Tuesday, 18 May 2010

The Food of Love by Anthony Capella

Laura Patterson is an American studying art history in Rome and after several disappointing dates with Italian men she decides on her friend's advice to only go out with a man that can cook.  Tommaso is incredibly handsome and knows it!  He's used to making many conquests amongst the female tourists and keeps photos of them all in his wardrobe.  He is instantly taken with Laura, and whilst busy flirting manages to tell her he's a chef at a leading restaurant, which would be fine but he's only a waiter and even the pot washer gets to boss him around!  Tommaso finds he has to rely on his friend Bruno to keep up the charade.  Bruno is an amazing chef but lacks the natural charm and good looks that his friend has in spades, however, cooking for Laura is a labour of love and he uses his food to demonstrate his feelings by tempting and seducing her.  When Laura discovers their dishonesty she rebounds into her older, controlling lecturer whilst Bruno discovers himself and further cooking skills in the mountains.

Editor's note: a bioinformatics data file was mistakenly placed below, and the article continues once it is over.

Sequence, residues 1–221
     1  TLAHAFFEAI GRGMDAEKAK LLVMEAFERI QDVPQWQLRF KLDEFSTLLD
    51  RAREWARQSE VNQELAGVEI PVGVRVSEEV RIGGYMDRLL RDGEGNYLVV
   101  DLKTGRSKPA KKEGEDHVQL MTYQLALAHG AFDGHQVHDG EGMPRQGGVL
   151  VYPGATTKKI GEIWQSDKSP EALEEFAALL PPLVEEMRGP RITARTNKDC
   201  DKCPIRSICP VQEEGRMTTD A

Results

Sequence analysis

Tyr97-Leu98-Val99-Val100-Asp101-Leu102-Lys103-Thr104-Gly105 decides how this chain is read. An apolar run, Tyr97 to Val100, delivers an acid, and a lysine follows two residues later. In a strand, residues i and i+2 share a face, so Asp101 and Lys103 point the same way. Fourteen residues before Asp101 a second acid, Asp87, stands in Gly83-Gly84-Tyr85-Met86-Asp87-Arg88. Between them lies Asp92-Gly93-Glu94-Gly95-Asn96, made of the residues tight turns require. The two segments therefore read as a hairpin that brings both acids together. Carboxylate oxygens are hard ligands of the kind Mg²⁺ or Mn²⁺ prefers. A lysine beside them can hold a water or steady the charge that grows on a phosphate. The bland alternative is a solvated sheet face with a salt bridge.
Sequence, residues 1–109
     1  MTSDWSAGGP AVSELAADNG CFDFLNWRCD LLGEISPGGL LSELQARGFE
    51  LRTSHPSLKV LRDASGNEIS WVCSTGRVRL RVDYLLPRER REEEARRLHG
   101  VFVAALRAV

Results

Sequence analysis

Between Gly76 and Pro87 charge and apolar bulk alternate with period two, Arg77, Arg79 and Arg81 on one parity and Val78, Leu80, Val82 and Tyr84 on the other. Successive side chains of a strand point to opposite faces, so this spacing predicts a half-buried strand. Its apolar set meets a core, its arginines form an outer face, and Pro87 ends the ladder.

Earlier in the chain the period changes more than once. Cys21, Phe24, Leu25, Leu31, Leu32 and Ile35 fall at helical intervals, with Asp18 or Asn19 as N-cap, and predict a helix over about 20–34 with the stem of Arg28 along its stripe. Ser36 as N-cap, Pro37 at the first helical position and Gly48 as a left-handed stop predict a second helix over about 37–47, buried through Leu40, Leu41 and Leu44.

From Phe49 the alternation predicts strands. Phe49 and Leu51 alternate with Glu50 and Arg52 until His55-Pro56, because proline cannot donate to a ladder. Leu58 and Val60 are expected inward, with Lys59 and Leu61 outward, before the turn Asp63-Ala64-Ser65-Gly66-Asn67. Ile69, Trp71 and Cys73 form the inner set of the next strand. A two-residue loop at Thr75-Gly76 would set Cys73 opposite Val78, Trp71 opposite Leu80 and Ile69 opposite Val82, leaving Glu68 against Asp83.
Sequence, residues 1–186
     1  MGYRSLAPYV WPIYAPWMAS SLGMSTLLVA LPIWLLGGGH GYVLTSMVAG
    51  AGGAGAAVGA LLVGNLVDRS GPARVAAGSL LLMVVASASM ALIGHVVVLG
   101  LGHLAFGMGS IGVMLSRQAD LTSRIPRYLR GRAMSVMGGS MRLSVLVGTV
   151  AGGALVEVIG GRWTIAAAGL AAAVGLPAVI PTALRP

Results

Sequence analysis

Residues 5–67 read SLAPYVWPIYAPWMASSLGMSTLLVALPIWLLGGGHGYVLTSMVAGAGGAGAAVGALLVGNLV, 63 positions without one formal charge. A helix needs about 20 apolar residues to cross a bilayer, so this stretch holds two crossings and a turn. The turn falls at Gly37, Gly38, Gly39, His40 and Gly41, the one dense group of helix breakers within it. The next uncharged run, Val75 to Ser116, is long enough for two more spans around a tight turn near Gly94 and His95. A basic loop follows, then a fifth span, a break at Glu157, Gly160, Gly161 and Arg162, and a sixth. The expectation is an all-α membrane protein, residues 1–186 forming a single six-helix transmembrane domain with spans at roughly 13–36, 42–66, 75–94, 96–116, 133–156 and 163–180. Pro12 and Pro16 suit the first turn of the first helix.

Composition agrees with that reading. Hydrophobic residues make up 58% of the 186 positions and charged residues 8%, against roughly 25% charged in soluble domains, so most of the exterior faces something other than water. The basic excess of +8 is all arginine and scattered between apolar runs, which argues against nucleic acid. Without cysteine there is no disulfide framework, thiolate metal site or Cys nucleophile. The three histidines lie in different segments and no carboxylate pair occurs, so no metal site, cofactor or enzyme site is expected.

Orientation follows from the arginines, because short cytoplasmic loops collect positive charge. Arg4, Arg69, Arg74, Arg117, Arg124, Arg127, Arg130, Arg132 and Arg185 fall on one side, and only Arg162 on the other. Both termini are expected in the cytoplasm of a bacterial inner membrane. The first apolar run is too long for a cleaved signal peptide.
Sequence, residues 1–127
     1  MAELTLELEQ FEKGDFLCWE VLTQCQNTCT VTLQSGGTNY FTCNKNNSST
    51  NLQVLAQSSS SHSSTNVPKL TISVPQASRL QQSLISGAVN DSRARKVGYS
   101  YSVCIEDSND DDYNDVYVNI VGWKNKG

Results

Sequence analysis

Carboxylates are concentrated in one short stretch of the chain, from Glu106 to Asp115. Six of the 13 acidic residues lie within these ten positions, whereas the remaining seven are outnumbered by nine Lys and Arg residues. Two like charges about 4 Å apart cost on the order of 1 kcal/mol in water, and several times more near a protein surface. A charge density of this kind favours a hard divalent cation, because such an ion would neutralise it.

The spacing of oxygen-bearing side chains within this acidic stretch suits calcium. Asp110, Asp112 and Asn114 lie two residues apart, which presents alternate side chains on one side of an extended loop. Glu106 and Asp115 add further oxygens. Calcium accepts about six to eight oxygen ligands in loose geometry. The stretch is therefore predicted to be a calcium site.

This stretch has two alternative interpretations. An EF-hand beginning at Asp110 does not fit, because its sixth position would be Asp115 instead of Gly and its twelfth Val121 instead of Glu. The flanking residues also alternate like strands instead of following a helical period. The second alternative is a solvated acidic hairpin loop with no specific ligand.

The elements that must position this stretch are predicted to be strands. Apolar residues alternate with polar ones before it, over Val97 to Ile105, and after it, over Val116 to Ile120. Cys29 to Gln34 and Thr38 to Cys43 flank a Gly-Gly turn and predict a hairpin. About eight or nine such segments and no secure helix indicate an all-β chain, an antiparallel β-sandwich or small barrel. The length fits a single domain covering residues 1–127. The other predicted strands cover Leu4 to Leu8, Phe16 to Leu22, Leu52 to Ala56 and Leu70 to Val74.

A retelling of the Cyrano de Bergerac story but with food!  As with The Wedding Officer, the descriptions of food (even offal!) is gorgeous.  It's a sexy and light hearted read and the described effects of eating tartufo were hilarious.  Some of the imagery was a bit disturbing - I have no desire to be spit roasted, or rubbed with rosemary - but each to their own!  The slight downer was that Laura was a bit weak and thinly drawn, apart from being beautiful and a complete foodie I couldn't really see why she was so special.  Benedetta was far more interesting and substantial and a little bit of me wanted her and Bruno to live happily ever after! Bruno was okay, but again a bit whiny and weak in parts - I just wanted him to get on with it and either 'fess up to Laura or get a life.  I felt the mafia sub-plot got lost along the way, it seemed a big deal at first and then disappeared and what happened to Carlotta and her family? 
Enjoyable in a different way to his other novel and again a good read, but still had something missing for me.